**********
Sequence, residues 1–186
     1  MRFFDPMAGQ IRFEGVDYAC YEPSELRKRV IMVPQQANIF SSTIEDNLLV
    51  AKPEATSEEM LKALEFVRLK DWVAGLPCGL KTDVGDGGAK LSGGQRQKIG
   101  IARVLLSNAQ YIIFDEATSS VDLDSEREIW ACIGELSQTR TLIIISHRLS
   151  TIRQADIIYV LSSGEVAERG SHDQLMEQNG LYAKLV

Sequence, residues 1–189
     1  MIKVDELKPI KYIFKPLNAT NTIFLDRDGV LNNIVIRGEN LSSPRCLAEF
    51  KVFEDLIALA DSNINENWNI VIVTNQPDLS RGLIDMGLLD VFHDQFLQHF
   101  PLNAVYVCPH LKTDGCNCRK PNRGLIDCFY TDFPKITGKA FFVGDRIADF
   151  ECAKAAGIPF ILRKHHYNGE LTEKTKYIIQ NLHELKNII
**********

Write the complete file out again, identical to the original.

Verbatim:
Sequence, residues 1–186
     1  MRFFDPMAGQ IRFEGVDYAC YEPSELRKRV IMVPQQANIF SSTIEDNLLV
    51  AKPEATSEEM LKALEFVRLK DWVAGLPCGL KTDVGDGGAK LSGGQRQKIG
   101  IARVLLSNAQ YIIFDEATSS VDLDSEREIW ACIGELSQTR TLIIISHRLS
   151  TIRQADIIYV LSSGEVAERG SHDQLMEQNG LYAKLV

Sequence, residues 1–189
     1  MIKVDELKPI KYIFKPLNAT NTIFLDRDGV LNNIVIRGEN LSSPRCLAEF
    51  KVFEDLIALA DSNINENWNI VIVTNQPDLS RGLIDMGLLD VFHDQFLQHF
   101  PLNAVYVCPH LKTDGCNCRK PNRGLIDCFY TDFPKITGKA FFVGDRIADF
   151  ECAKAAGIPF ILRKHHYNGE LTEKTKYIIQ NLHELKNII